Legs and air time
Brett mentioned the rocker step in his quote, which is the quick jab that guys like Michael Jordan and Derrick Rose used/use with a ton of success.
A quick primer:
Brett thinks that Dario is showing more confidence to catch and shoot, rather than throwing that jab step at defenders.
In the beginning of the year, when Saric was coming off the bench, he seemed to have a harder time getting into a shooting rhythm. In the play below, he finds himself in his favored wing area, but can’t seem to decide if he wants to shoot or drive:
With Daniel Theis guarding him, Dario throws a rocker step, then puts the ball on the floor and loses the handle. When he gains control, he throws a cross-court pass that’s deflected and almost leads to a turnover. Timothe Luwawu-Cabarrot doesn’t do a great job of keeping space there, either, since he walks Jayson Tatum right into the paint.
I honestly think a lot of Dario’s early-season issues had to do with playing on the second unit, but that’s beside the point.
To contrast the play above, here’s a similar sequence where he finds himself in the same position. No rocker step, no second-guessing, just a confident catch and shoot for nothing but net:
No hesitation there at all. Michael Beasley isn’t exactly yards away from him, and Ben Simmons spaces the floor by going down into the low post.
As far as “stepping into the shot,” as Brown mentioned, this is a really nice example here:
Again, look at how Ben Simmons creates space by taking his 6’10” frame into a pseudo-post position and allowing Dario to trail the play, catch the pass, and step into that shooting motion. The Sixers do a really nice job of getting open three-point looks on trails from their 4 and 5 men, which isn’t the case for about 85% of NBA teams. Dwight Howard isn’t ghosting into the front court to knock down a three-pointer, ya know? Andre Drummond isn’t doing it.
Looking then at Dario’s form, it matches what Brown was talking about.
Elbow under the ball?
Release point a few inches above the forehead?
Looks like it:
Sorry for the blurry images, that’s the best I can do while trying to crop and zoom.
As far as the differences from last year, I think you see it in the clip below, where the motion looks mostly the same, but the release point appears to be a little lower. His shot was a little more flat last year, I think because the elbow motion was just a little more “loose,” if that makes sense:
He front rims that ball but gets a shooter’s bounce for the bucket. Go back though and look at his shooting from last season and during his time at Anadolu Efes, and you’ll see that the arc isn’t the same. He’s now getting the ball up nicely and showing a lot of consistency in his second NBA season.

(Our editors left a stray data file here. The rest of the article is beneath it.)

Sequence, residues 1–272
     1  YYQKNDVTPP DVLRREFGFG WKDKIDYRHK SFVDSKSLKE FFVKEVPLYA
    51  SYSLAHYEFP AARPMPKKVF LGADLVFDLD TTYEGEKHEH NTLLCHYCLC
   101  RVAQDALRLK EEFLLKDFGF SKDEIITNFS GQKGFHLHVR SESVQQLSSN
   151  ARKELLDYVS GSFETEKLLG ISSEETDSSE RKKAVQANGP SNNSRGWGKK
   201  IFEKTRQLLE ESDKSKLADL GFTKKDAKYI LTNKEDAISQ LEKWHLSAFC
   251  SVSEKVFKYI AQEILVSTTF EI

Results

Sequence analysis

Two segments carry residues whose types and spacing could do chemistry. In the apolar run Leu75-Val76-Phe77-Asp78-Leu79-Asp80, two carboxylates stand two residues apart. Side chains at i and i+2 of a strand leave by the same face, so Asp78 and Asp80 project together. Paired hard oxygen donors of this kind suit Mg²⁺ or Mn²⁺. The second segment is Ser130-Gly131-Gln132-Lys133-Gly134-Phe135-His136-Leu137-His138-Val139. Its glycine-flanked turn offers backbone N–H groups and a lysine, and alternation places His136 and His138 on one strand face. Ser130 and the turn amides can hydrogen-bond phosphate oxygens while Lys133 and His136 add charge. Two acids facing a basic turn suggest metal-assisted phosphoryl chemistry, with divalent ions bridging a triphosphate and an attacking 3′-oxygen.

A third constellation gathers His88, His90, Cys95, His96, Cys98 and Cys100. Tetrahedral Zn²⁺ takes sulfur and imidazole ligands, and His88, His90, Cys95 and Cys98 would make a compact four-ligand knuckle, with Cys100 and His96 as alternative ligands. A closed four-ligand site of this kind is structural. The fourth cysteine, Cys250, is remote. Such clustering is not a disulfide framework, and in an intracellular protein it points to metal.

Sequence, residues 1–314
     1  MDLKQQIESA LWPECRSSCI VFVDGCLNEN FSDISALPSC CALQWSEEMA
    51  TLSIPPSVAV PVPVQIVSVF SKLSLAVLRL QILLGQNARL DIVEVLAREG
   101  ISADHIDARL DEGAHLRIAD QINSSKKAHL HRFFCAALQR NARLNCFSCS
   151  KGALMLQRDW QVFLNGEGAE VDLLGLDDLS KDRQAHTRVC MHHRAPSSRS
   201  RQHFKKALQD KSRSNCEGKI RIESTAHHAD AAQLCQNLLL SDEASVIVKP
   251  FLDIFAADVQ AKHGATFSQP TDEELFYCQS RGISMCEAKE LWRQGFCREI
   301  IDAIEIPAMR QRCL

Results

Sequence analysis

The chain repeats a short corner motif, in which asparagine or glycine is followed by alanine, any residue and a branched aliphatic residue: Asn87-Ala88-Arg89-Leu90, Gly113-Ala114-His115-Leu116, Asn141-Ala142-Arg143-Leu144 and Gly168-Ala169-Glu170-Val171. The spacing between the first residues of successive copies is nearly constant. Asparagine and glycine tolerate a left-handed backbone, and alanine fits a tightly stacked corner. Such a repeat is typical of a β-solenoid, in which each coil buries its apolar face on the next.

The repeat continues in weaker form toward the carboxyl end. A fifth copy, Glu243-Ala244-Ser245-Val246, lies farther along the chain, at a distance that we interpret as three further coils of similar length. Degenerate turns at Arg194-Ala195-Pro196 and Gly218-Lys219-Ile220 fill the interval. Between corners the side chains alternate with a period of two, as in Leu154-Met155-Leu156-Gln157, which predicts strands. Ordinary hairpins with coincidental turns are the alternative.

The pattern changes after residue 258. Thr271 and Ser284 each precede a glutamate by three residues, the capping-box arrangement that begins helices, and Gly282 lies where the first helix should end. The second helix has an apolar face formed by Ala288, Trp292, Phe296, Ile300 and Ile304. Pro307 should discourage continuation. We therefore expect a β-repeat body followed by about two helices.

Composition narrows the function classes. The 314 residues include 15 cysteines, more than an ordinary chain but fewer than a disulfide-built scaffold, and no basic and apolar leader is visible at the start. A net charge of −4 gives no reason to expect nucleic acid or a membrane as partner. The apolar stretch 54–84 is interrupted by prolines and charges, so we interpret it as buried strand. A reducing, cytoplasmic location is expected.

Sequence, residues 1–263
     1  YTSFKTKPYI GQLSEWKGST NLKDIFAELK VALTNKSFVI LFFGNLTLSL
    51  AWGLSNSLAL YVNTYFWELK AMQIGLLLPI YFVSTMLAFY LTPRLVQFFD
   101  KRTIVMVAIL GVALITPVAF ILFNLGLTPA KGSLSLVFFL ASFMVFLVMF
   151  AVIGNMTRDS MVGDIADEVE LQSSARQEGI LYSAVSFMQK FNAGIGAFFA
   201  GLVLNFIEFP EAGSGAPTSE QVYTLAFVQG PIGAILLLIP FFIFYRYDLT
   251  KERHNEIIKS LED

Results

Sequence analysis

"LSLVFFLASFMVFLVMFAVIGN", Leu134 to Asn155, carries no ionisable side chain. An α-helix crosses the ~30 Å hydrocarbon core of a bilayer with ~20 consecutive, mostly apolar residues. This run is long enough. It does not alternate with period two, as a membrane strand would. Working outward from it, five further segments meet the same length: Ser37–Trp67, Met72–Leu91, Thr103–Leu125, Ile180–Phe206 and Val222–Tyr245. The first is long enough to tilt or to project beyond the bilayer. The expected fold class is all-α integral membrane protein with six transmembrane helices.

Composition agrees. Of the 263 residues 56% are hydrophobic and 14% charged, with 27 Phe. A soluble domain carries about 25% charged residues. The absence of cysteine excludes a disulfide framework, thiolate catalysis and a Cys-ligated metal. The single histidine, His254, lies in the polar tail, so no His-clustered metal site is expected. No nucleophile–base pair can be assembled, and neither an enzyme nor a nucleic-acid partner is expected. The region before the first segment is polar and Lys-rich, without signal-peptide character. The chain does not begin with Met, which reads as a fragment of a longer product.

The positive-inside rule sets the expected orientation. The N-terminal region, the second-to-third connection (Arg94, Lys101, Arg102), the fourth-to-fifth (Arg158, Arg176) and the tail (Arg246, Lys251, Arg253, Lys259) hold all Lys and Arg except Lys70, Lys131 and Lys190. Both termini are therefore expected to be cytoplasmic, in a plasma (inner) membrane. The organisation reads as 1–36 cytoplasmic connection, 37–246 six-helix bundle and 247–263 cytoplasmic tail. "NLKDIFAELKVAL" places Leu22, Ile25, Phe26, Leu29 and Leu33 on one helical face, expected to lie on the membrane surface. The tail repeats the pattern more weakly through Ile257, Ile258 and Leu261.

Brown talked about Dario’s defensive improvements in relation to understanding his physical limitations and providing the proper cushion to accommodate for that.
We know Dario is probably the least athletic among the Sixers’ starting five, and that’s reflected in his 104.4 defensive rating, the worst individual number of an overall excellent grouping. But he’s up from a 106.9 rookie year DEFRTG, a product I think is the combination of his solo improvement and just simply playing with better teammates this time around.
He’s definitely moving his feet better.
This is kind of a weird example, and it’s not what Brett was talking about specifically, but I pulled this clip from the season opener because it shows good footwork in a transition sequence where he finds himself defending a charging John Wall:
It looks like he’s on roller skates there, and could end up on his rear end, but he keeps his feet really well and then times the swat perfectly, turning transition defense into an offensive opportunity for his team. I don’t think that’s a play he makes as a rookie.
Brett mentioned in the quote that Dario isn’t going to be any quicker on defense, but that he compensates for that with a better stance and better spacing. That seems to be the case, but sometimes he’s just going to get stuck in bad situations, like this one here:
In that clip, he winds up on D’Angelo Russell in transition, a total mismatch.
So the Nets try to run a pick and roll, Joel Embiid hedges the screen, and Russell starts towards the lane line, the slot area on the right side of the floor. Dario’s footwork isn’t bad here. He actually keeps Russell in front of him, makes him go left, and forces a one-handed floater. It helps when a 7’2″ defensive player of the year candidate is standing behind you.
But when Brooklyn gets the offensive rebound, he has trouble keeping up with Russell, who slides back out to the three-point line for a triple.
That’s one of the few defensive issues Philly has this year. The starting unit is athletic enough to switch 1 through 3, and even Embiid can come out to the perimeter and defend admirably in mismatch situations. Dario is a different story, and sometimes he ends up on smaller and faster guys that he has trouble keeping in front of him.
On this play here, it’s a basic catch and drive:
Not great help from Richaun Holmes, but DeMarre Carroll isn’t exactly 2010 Monta Ellis when it comes to catch and drive situations.
So the defensive side of the ball is probably where Dario lags a little bit, but there’s no doubting his offensive improvement this season. It’s been really enjoyable to watch.